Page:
Thould he be represented as trampling upon, and destroying the poor and unprotected? Surely it is out of nature.

16. Ignorancè, Impudence, and Avarice dancing a Scotch Reel. An entertaining allegorical group.

71. The Palace of Corruption. A powerful design, but the colours are too transparent; they are actually seen tbrough.

Mr. DunDONKY*, Opposite the New Church, Strand.

18. A Cameleon. The shifting hues of the creature are done in a moft extraordinary inanner.

19. Liberty-in water colours. The figure scarcely discérnable.

20. The Death of Mr. Habeas Corpus, commonly called the Poor Man's Friend. The last agonies of this respectable old patriot are truly affecting. The groups round his bed express neither interest nor affection for him, indeed they all seem to be drunk or asleep. This is, upon the whole, a lamentable production.

21. The Opening of a Campaign-a Study-All enveloped in clouds—it also wants Perspective.

Mr. PITMANĖ, Downing-street. 22. Views in Ireland, Surely more confined, incongruous masses were never before exhibited; there is want of freedomn, and the contour is by no means correct. The yellow harmony is evidently too predominant, and produces a very bad effect.

23. A Banditti intent on Plunder. There is a daring originality in this picture, which yet disgusts. The majority of the figures exhibit a set of the blackest viilains that ever disgraced society. The yellow harmony here also destroys the purity of the whole. The com lours do not appear as if they would stand, they seem to have an evanescent quality.

24. Scene in Botany Bay. The design is uncom

* Probably meant for Mr. Dundas.

Probably meant for Mr. Pict.


monly harsh, but the groups of suffering patriots are peculiarly interesting.

25. The Empress of Russia finging Te Deum for the fubjugation of Poland. An excellent idea, but the whole picture is too black, and wants relief.

26. The King of Pruffia counting over his Subfidy. 27. Emperor of Germany, ditto, his Loan.

28. The King of Sardinia, ditto.-The laughter in the countenances of these three great men is admirably given.

29. An Armed Nation. There is an awful truth in the expression of this picture, that is really terrible.

30. An Alarmed Nation, (as companion to the above) Though there is wonderful art in this composition, it can at best be called but a miserable attempt.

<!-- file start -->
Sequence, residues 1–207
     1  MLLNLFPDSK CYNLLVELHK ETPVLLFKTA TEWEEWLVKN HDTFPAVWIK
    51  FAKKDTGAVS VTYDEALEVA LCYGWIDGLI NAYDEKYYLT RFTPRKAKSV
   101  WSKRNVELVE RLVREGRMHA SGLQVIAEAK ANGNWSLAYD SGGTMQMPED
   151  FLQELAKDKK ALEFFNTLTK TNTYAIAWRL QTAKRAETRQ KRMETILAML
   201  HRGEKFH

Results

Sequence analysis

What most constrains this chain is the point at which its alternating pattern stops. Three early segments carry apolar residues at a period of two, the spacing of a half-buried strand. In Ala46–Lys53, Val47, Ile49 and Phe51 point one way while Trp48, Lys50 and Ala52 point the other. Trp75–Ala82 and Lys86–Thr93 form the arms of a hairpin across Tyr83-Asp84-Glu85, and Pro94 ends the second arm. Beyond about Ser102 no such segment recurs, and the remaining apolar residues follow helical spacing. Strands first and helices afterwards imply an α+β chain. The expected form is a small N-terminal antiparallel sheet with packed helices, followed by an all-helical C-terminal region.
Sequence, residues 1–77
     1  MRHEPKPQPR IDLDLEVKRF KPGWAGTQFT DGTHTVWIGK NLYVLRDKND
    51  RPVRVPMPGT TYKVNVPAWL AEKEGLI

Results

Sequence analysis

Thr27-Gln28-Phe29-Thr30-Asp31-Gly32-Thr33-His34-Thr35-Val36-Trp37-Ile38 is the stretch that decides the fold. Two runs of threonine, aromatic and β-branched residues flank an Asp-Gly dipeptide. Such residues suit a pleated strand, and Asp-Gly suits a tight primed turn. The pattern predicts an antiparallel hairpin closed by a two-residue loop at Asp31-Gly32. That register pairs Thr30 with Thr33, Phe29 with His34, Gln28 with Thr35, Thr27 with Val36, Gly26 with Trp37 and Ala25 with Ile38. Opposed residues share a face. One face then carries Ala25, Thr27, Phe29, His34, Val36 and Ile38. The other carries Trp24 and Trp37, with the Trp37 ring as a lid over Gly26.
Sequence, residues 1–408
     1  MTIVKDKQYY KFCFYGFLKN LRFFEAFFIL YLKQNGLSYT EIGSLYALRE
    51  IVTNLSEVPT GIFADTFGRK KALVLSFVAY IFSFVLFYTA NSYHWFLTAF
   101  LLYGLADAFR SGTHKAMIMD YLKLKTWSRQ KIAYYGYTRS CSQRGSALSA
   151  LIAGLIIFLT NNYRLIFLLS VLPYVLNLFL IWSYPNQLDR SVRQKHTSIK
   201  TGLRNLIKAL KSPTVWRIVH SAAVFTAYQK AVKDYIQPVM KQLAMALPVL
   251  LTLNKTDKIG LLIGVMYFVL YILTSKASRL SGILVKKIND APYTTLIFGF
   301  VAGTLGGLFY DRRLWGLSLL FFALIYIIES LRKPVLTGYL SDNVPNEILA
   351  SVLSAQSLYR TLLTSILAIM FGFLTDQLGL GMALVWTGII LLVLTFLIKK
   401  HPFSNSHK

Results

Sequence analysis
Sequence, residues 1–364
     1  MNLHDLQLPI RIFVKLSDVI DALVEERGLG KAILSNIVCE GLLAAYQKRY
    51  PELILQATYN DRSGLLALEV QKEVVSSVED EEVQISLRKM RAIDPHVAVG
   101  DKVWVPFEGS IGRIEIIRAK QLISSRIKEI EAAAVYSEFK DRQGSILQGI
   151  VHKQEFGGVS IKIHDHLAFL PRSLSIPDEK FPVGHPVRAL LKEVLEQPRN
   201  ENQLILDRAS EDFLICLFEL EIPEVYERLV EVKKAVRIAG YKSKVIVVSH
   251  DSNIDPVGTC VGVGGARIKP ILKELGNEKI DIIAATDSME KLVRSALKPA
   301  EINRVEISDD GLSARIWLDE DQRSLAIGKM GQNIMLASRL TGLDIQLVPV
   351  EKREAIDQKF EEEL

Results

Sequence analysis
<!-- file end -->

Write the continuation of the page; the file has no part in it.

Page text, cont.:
31. An Invasion. A most terrific scene. The Painter here seems to have laboured with uncommon ingenuity to produce the effect.

32. A Famine. A shocking display of misery and despair; the rending distresses of the Poor are exquifitely finished. N. B. This Piece was originally intended to have been sent to France, but owing to the present troubles in that unhappy country, will now remain in England.

33. Drawings of all the Towns in Holland. N. B. They are already disposed of.

34. Satan, the Enemy of the Human Race in Pandemmonium. -A formidable figure, with a horrible countenance. It is supposed to be a portrait of the master himself. There certainly is a strong resemblance.



(Written in the year 1792.)
T OWLY finks the ruddy fun,
L Sheathe the blade, the war is done ;
Cried Orrah, to his murderous band,
Who wearied stood on Cuba's strand.


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But hark! what found invades the ear?
Hark!--Sheathe the blade, no danger's near:
'Tis the gasp of parting breath,
'Tis the hollow voice of death,
'Tis the figh, the groan of those,
Once our tyrants, once our foes.
Loud, loud, ye fiends, shriek loud! your cries
Pour loud! a grateful sacrifice
To him, at whose behest ye bleed,
Who smiled propitious on the deed!
And, ye hoar cliffs, that frown around,
The echoes of our shouts resound,
While around the votive fire!

-We've footh'd the spirit of our fire.
'Twas night, when bound in servile chains,
We fail'd from Afric's golden plains :
The moon had reached its utmost height,
Its orb disclosed but half its light;
Darkling clouds hung o'er the deep,
And the hush'd murmurs seemed to sleep.

Sudden floating in the skies
A shaddowy cloud appear'd to rise; .
Sudden gliding o'er the flood